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Bobby Parker

The Thing

Steve shouted my name, tumbling through
crossroad traffic like Chaplin’s Tramp. He was
still alive by the time he stopped in front of me
shivering outside the chip shop. He opened a plastic bag.
I looked in. Three frozen joints of pork. Big joints
of pork like human heads covered in frost. Tenner...
Tenner for this pork. My face did a Why?
Funny. Steve mimed injecting into the pit
of his right arm the way people mime using phones
or cradling babies, smiling, rolling his eyes
the way people do when they admit they let their kids
eat McDonald’s every day. The tenner in my pocket
held its breath – if I’m honest, you know, if I stand
in front of this with my trousers off, I wanted to ask Steve
to score me some gear, once he sold his pork
and made the call – the thing that lives behind
my heart like a homeless drunk with bad tattoos
of devils and dice on his rough yellow hands.
The thing that doesn’t want me to wake up tomorrow.
A tenner in my pocket. When I got home I sat down on
the bed for a while until it went back to sleep. The thing.
I told my wife about Steve, the pork. I didn’t tell her
about the thing. It frightens her because she doesn’t
understand. You probably don’t understand
but you can picture me with no trousers on.
My wife told my mom about Steve’s pork and my
mom told her neighbours and everyone agreed
they would’ve bought the pork in a heartbeat –
my brain doesn’t float like that, it moves
like a crab and thinks of ghosts of friends like Steve
pushing past me, in the direction of St Mary's Church 
where we got married and christened our daughter
and wrapped red tinsel round the needle drop box.

 

You Don’t Know Her

My first made-up girlfriend climbed in
through our caravan window in Barmouth.

My mom and dad were asleep. She kissed me.
She did everything to me in our caravan.

Her name was Lucy. She climbed in through
my bedroom window in our caravan in Barmouth.

It was the middle of the night. My mom and dad
were asleep when Lucy tapped the window. 

I made her up to the sound of the jumping sea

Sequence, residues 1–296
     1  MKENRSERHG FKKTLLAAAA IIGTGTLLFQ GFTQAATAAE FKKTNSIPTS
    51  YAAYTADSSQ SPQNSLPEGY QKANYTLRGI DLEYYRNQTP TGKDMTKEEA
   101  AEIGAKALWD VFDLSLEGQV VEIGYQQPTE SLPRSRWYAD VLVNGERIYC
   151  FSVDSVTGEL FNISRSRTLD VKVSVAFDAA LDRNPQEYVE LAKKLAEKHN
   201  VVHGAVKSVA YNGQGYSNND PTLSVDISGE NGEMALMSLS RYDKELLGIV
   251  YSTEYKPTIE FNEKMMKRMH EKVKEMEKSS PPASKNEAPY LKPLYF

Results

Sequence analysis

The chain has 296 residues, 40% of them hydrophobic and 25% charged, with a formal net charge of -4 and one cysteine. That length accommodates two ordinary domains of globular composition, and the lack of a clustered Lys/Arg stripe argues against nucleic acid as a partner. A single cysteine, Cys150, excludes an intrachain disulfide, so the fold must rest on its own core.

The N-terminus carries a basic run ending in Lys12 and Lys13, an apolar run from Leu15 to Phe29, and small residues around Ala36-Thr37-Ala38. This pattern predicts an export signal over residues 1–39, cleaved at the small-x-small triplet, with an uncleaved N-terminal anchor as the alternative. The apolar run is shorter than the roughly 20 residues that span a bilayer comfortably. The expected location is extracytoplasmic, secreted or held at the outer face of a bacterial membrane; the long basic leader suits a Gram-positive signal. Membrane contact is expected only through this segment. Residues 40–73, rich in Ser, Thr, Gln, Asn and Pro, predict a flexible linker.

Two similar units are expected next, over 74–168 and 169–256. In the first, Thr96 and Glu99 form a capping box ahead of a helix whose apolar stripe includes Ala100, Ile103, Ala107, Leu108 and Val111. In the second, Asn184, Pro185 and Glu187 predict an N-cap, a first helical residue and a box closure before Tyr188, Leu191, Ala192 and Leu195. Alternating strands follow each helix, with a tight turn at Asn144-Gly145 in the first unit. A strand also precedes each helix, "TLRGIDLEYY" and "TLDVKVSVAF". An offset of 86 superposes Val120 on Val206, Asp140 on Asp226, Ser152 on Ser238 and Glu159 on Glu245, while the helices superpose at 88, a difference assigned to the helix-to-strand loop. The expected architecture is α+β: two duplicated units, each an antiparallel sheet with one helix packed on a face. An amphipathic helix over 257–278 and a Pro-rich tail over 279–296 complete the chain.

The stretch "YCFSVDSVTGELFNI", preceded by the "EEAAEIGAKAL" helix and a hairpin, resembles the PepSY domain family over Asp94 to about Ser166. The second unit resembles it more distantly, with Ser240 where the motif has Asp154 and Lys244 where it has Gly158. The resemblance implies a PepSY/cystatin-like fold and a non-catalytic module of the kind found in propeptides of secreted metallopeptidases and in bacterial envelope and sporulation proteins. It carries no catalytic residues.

in my bedroom in our caravan in Barmouth.

Our caravan in Barmouth right by the sea.
Most of the time she had blonde hair.   

Sometimes we had S-E-X and sometimes we
did other things but she always climbed in

through my bedroom window in our caravan
in Barmouth in the middle of the night by the sea. 

 

Isobelle, 6 a.m.

No one has ever been
so happy to see me

even though mornings
are strange
and things keep getting lost. 

I lift her out of the cot,
she smells of piss.
Beautiful smiling piss.

Her strong little fingers
in my beard.

Roses are Red in my chest. 

Every time
she looks at me
a broken light-bulb
fixes itself. 

 

The Miserable Ones

When I compared seasickness to bad drugs
my dad shrugged and downed a can of bitter.
In my left hand I squeezed a two pence piece
until a bright red moon rose in my palm.
Mom was on the deck, arm hooked round
the railing as she yakked into a paper bag.

The sea leered in from dipping ferry windows.  
My mom weeping to go home like a little girl.
My dad looked bored, drinking bitter.
Taking a deep breath, I staggered onto the deck
where mom grabbed me the way she should
have grabbed my dad, and cried like a little girl.

Other passengers ate sandwiches, laughed,
talked about Guernsey and Victor Hugo.
I hated them. I wanted them to be
as sick as mom and me. Especially dad.
Especially my dad, drinking bitter. Bored.
My two pence piece almost breaking the skin. 

 

 

Copyright © Bobby Parker, 2012